I want you to know that I'm so glad you are who you are. I've been a fan for years and truly benefited several times from your insight. My husband is a (reluctant) 100% disabled vet. Helicopter crash in 89, many s/c injuries, as time passes one leads to another...my question is, 2 yrs ago he gave me the 'go ahead' to file a claim for 100%. Of course, he is unable to work, has been for years, but I'm trying to find a way for him to be able to go back to college NOW he is 100% and can't work. 10 yrs after the date of discharge seems unreasonable because most vets are going to go back to work. Even if disabled, vets (who are proud and stubborn!) will go on and on with disabilities until they absolutely can not possibly do it. So wouldn't it make sense that that 10 yr time frame would start when the vet is disabled to the point of not being able to work, or at least when they are rated 100%? I'm really frustrated because he is also PTSD and chronically depressed daily and speaks of ending it all often, and I thought having something to have to get out of bed for every day, and utilize his mind, and meet other people, and feel proud of his accomplishments might help keep him here longer. Do you have any insight in terms of exceptions to the education limitations for older vets? Thank you so much for what you do and what you may have to sacrifice in order to do it. We all appreciate you more than you may know.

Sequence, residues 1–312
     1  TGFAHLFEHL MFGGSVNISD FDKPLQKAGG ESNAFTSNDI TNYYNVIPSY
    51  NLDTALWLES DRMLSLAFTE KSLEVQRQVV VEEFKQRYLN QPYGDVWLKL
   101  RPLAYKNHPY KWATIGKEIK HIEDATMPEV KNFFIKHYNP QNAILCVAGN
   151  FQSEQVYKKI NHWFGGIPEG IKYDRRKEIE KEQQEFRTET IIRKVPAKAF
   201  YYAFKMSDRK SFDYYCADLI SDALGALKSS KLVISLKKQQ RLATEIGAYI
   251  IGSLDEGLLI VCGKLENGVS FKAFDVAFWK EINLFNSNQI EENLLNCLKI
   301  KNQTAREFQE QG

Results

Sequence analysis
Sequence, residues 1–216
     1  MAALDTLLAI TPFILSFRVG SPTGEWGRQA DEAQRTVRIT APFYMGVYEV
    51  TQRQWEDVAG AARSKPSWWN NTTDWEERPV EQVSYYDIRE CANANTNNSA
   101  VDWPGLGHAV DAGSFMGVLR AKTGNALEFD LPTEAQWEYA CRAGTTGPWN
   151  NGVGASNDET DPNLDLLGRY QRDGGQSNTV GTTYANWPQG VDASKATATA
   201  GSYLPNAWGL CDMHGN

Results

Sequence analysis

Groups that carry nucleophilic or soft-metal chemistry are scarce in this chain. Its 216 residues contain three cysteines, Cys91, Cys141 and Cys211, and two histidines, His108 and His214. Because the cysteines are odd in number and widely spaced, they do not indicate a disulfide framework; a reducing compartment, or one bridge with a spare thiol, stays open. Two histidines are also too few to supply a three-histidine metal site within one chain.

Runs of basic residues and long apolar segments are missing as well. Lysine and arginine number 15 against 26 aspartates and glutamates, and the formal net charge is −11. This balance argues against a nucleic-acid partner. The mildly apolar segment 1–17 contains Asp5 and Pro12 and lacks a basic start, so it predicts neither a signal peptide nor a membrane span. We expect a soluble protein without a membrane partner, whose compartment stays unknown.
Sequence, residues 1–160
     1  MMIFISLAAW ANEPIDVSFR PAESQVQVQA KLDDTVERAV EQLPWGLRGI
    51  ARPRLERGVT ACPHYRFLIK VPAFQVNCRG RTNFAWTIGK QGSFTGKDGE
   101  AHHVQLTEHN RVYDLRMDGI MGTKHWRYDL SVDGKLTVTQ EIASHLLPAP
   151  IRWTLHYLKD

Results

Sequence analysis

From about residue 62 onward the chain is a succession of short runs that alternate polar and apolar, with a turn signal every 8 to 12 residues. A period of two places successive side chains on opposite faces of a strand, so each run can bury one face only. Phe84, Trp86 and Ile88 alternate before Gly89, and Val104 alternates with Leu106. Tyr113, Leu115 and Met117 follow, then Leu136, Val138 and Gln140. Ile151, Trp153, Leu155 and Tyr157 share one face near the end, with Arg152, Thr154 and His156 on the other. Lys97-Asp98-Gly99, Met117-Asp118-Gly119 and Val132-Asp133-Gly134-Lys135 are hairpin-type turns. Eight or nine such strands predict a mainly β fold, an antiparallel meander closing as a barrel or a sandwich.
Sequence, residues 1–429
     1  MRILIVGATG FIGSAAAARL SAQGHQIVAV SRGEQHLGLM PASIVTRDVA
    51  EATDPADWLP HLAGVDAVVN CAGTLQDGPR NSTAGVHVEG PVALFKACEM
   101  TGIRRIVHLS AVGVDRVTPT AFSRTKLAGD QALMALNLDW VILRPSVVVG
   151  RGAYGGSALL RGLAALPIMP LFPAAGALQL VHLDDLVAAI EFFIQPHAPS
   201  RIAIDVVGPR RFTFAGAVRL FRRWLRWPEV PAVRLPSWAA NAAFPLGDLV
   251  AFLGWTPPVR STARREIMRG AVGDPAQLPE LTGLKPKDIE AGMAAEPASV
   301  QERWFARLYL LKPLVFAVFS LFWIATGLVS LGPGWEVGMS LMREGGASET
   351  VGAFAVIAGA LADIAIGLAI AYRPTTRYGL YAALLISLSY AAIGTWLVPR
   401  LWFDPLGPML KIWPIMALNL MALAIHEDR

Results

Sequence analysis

Everything you ever wanted to know about the various education programs VA has will be found here. It's my understanding that the time limits to use GI Bill benefits are strictly enforced and there isn't much opportunity to extend the benefits. I found that for myself and a lot of other veterans that volunteering was one of the best ways ever to get out of the house and socialize as well as contribute to society. I was a VA volunteer and worked at my local clinic and hosital and it was as rewarding as can be. I started here https://www.volunteer.va.gov/ and stayed at it for years after.